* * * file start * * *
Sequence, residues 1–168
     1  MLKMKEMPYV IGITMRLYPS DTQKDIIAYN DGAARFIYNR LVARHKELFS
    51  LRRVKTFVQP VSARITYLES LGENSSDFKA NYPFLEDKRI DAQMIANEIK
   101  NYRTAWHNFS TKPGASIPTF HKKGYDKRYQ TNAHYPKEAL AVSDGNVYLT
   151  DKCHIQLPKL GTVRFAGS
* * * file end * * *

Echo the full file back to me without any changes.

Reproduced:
Sequence, residues 1–168
     1  MLKMKEMPYV IGITMRLYPS DTQKDIIAYN DGAARFIYNR LVARHKELFS
    51  LRRVKTFVQP VSARITYLES LGENSSDFKA NYPFLEDKRI DAQMIANEIK
   101  NYRTAWHNFS TKPGASIPTF HKKGYDKRYQ TNAHYPKEAL AVSDGNVYLT
   151  DKCHIQLPKL GTVRFAGS